Turkey Crypto Ban Fears Dampened

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  • Fears of a complete crypto ban in Turkey have been calmed after a TV appearance by central bank governor Şahap Kavacıoğlu
  • Kavacıoğlu said that the government had “no intention” of banning cryptocurrencies, although reforms were imminent
  • Turks have been flocking to crypto to protect themselves from a rapidly inflating lira

Fears of a complete ban on cryptocurrencies in Turkey have been allayed after the governor of Turkey’s central bank said that the finance ministry has no plans to end the crypto industry in the country. Şahap Kavacıoğlu told the state-run TRT channel that the department had “no interest” in banning cryptocurrency in the country, although sweeping regulations would be announced within two weeks with the aim of preventing money from leaving the country.

“No Intention” of Turkish Crypto Ban

Talk of a crypto ban in Turkey had been touted as being partly responsible for the recent crash in the Bitcoin price from $65,000 to $46,000, although in retrospect how much of an impact it actually had is debatable. It was suggested, without verifiable sources it must be added, that the Turkish government had grown alarmed at the rate at which its citizens were turning to cryptocurrency following the rapid inflation of the Turkish lira and the way in which the president, Tayyip Erdoğan, is dealing with the situation.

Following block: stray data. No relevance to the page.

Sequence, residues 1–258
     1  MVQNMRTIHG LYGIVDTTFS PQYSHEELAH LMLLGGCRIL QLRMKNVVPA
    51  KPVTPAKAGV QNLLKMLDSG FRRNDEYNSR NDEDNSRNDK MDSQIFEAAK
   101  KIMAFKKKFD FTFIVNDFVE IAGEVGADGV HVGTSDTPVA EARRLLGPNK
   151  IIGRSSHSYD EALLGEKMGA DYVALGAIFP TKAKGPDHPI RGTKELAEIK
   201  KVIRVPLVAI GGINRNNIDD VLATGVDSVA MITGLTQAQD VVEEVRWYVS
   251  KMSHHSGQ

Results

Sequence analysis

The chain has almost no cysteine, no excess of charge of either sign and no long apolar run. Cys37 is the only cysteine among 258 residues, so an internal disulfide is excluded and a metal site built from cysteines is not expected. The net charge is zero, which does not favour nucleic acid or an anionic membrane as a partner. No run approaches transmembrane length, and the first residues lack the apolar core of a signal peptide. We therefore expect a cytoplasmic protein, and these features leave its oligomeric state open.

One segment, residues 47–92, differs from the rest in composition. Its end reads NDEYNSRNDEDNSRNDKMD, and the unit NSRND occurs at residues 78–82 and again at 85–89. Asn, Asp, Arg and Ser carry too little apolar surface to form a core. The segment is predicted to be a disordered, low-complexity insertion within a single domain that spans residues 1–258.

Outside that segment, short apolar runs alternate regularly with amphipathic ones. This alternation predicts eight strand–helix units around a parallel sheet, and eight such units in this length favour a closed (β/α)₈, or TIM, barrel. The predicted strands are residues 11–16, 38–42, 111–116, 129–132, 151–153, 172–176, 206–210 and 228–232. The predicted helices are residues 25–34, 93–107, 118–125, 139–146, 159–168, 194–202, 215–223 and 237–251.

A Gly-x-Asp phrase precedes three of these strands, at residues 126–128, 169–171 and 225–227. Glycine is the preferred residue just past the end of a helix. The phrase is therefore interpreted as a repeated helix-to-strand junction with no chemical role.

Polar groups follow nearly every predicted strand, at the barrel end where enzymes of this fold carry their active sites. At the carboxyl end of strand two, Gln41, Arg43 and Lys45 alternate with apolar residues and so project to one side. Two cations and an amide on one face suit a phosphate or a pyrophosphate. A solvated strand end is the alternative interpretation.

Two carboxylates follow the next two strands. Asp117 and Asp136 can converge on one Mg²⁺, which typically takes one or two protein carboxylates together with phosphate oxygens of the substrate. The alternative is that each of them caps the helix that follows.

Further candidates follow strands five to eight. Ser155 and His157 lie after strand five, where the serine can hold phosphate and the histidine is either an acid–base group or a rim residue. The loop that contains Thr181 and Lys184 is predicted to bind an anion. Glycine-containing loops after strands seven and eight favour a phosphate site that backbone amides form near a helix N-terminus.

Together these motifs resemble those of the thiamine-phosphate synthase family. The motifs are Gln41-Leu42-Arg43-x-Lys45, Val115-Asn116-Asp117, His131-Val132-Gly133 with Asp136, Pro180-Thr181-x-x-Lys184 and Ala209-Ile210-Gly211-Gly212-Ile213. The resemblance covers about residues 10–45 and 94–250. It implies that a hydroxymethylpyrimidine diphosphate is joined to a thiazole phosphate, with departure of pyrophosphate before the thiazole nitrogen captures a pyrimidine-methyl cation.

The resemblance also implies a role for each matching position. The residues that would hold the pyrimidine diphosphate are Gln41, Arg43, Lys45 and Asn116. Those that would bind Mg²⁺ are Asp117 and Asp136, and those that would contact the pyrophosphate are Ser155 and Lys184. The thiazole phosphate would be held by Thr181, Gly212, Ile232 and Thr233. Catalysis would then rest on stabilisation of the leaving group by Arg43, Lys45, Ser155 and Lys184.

It seems that fears of a total Turkish crypto ban arose last week following the finance ministry banning payment processors in Turkey from handling crypto, but the fact that banks have been unaffected by the ban illustrates that the ruling isn’t comprehensive.

Regulations Will Aim to Keep Crypto in the Country

Appearing on TRT, Kavacıoğlu calmed the fears of those in the cryptocurrency industry as well as investors by stating that, “You can’t resolve anything simply by banning crypto, and we have no intention of doing so.” Admitting that the rate at which money was leaving the country through cryptocurrency was “disturbingly high”, despite not having any facts on hand to back up his claim, Kavacıoğlu said that regulations were imminent as the government aims to curb what it sees as the most troublesome aspects of cryptocurrencies.

No details were given about what form these regulations would take except that they would clarify the legal definition of digital assets and govern how institutions should store the cryptocurrency in their possession. While a crypto ban is obviously the last thing that any investor wants to see, overly harsh regulations can be just as damaging.